Latin perfects and Fluent Etruscan in 30 days!
edsel at glo.be
Wed Aug 11 08:28:52 UTC 1999
At 23:12 4/08/99 +0200, you wrote:
>>>From Eduard Selleslagh
>Sent : Tue, 3 Aug 1999 20:35
>>Has it been proven that the Breton afan was derived from an originally
>>Brythonic *ama? (I have no problem with the reconstruction itself, I even
>>mentioned it in a different way). Brythonic languages like Welsh contain
>>large numbers of words that are most likely loans from Latin. It's all a
>>matter of timing, of course.
>It is difficult to be sure in that matters (the result would have been
>the same), but if Brythonnic had borrowed Latin Amare, it would be with
>its first meaning (to love), and would have replaced the indigenous term
>(*car) still in use in Welsh, Breton and Cornish. Moreover, the Breton
>term suggests that the original word was not a verb but the noun af
>(kiss), wich does descent from an older *av, itself from *am (albeit *ab
>is not phonetically impossible), all of this fairly regular in Breton
>(if the verb had been first, and not derivated from the noun, it would
>have been, regularly *avan). This noun cannot be a Latin loanword, as
>there is nor corresponding word in Latin (the equivalent is amor, which
>would have yielded *aver, or *avor).
>>According to M.Carrasquer's Stammbaum, which I subcribe to, IE and Etruscan
>>(and the like)are cousins.
>I definitely aggree, this the thesis of my new published book (in
>French, sorry), and the basis of the handbook I am working on.
>>The only thing I'm pretty convinced of is that the Etr. and Lat. am- and
>>the Lat. amb- (IE m.b-) roots are related, the problem is 'how?'
>There I am quite dubious. If we assume that the oldest form of Latin
>amb- and the like is H2e-mbhe or H2-mbhe, the second member of which is
>a particle meaning beside, and which is at the origin of English by and
>of the Sanskrit dative plural in -bh- (Martinet, 1986), what seems quite
>acceptable. If we suppose this root began with a prenasalized *mbh
>(Martinet too), which is still the best hypothesis to explain such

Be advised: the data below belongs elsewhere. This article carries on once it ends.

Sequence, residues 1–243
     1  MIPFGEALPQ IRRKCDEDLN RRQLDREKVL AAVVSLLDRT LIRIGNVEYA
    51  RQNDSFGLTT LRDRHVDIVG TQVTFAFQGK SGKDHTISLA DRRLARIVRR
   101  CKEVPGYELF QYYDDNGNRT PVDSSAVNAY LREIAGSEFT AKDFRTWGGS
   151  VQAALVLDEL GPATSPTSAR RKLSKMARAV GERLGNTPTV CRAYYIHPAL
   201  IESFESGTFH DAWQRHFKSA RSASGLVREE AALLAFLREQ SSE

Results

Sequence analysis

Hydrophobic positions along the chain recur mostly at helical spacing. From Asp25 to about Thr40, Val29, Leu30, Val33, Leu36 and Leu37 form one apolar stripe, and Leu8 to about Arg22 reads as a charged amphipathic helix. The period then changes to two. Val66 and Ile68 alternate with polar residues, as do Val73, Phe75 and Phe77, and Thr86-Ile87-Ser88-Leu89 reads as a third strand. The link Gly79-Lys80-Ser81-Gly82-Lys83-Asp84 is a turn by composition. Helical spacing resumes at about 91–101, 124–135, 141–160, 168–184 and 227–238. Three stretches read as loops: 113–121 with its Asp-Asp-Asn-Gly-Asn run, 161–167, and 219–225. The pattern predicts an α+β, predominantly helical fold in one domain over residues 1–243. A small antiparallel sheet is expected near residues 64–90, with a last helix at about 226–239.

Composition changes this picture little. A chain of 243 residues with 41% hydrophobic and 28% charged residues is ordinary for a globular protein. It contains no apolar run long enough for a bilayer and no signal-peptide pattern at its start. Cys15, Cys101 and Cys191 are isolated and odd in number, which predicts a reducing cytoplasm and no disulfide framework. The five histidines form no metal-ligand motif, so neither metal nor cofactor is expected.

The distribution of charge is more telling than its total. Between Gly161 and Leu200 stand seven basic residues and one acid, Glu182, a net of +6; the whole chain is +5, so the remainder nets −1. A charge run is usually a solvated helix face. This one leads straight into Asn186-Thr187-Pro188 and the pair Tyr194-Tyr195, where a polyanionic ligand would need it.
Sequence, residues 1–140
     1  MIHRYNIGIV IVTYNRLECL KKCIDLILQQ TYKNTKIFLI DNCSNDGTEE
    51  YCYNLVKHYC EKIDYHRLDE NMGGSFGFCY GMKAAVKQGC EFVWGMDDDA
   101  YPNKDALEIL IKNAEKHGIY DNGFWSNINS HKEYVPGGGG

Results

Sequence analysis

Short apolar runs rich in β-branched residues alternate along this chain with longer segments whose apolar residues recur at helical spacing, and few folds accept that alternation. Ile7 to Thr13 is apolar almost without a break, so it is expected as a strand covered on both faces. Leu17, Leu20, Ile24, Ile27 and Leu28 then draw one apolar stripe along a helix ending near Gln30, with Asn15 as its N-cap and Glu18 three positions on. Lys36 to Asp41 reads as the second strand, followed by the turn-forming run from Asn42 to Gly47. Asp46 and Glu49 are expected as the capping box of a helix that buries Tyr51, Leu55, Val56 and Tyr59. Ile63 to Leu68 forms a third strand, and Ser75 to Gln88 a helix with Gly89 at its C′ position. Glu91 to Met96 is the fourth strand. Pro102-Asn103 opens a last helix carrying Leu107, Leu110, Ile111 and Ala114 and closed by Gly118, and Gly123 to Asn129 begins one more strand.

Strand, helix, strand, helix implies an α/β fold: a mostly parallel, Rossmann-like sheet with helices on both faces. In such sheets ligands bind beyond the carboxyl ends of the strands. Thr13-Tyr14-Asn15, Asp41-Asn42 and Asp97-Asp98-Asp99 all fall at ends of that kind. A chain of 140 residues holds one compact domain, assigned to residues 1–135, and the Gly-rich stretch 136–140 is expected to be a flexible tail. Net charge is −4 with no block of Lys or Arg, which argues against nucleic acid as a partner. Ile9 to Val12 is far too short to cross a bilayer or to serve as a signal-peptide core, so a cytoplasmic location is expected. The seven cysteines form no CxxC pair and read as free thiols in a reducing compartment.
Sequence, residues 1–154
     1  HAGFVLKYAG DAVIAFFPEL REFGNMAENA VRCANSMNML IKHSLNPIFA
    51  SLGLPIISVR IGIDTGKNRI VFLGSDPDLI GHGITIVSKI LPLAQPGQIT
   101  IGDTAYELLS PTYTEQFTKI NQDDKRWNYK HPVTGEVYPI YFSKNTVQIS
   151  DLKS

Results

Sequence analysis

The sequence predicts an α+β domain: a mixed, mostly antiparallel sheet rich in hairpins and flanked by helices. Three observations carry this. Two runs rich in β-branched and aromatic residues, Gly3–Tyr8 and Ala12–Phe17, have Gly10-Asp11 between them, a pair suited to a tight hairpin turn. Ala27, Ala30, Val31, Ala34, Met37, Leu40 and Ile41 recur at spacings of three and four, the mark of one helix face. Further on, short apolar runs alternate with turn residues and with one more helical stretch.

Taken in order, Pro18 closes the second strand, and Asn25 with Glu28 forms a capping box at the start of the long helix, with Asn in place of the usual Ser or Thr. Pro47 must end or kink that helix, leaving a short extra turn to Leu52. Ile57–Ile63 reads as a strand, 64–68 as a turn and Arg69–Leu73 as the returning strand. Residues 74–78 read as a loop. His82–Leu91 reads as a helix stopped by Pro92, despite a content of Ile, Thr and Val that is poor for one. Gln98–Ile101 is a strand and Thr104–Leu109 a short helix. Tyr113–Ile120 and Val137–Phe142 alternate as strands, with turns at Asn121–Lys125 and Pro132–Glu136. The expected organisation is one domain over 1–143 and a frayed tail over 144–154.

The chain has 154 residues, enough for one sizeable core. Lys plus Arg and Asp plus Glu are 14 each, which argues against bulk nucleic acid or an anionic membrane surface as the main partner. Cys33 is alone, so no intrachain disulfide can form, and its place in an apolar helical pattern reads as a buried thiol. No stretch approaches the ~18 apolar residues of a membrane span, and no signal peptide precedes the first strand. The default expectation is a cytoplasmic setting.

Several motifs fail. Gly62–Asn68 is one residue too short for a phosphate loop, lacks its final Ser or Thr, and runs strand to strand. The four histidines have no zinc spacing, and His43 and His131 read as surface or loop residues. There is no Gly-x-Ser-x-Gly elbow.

>alternations as Greek nephos (cloud), Welsh nef (from *nemos, sky) or
>Breton env (he, from Celtic *emo) and Hittite abas (this). The we could
>draw possible hypothesis.
>When stressed the prenasalized becomes am- in Etruscan at the initial :
>am(u) (to be) from *mbheu (to be, to become).
>ame (with) from *mbhe (beside) (Old English be)
>amake (wife) from *mbhendhto- (bound)
>When unstressed,at the initial it remains unchanged or become a /m/
>mulch (beautiful) from *mbhleg- (to shine) : the Etruscan word was
>written with a m but was borrowed by Latin as pulcher, hence the
>mutu (thyme) from *mbhent- (mint) (Breton bent).
>At the interior of a word, it seems that it become a p (which in turn
>can become a spirant, but the value of "aspirated" consonnants in
>Etruscan is not clear).
>snuiaph (probably heavenly, as it is associated with pulumchva - stars -
>in the Tablets of Pyrgi) from (s)nembh- (cloud, sky) : Greek nephos,
>ipa (which, this) from *embho- (this) : Hittite apas, Breton env, Celtic
>In that view the reflex of *H2e-mbhe would be something like *ep or *ap.
>It is however possible that Etruscan am (which is known through the very
>Indo-European looking proper name aminth (eros)) is the result of an
>Anatolian adstrat, perhaps the famous Twrs of the Egyptian inscription.
>As we are sure that the root is present in Anatolian (c.f Lydian) that
>is even relatively likely.
>Of course, all my analysis of Etruscan does only reflect my personnal -
>an much in working - opinion an theory. c.f Geocities/Athens/Crete/4060
>for very provisionnal details.
>Damien Erwan Perrotin
Thank you for the interesting and informative contribution. Here are a few
1. I got confused by Breton 'afan': I had interpreted the f as /v/, like in
2. It seems that your reasoning brings Catalan 'amb' ('with', from Latin
'apud') and Latin 'apud' back into the picture.
3. Not only the Sanskrit dative plura in -bh-, but also the Latin one -ibus.
4. Note that Breton/Welsh 'aber' corresponds to the Dutch/Flemish (Belgae!)
river names 'Amel' and 'Amer' (the latter is also used to refer to the
neighboring flood plain or 'polder' ('vega' in Spanish). So the sound
change m/b works both ways exchanges among the languages we were discussing.
5. Maybe the (Etruscan, Lydian,.. later Latin) am- and the IE-Latin amb-
roots just share a common ancestry like the languages themselves (one or
two steps before PIE) , then developed more or less separately but got
exchanged among parallel branches of the Stammbaum at several moments and
in several places (Anatolia, Italy,...).
1. Are you Breton?
2. My second language is French.
B-9120 Haasdonk (Beveren)
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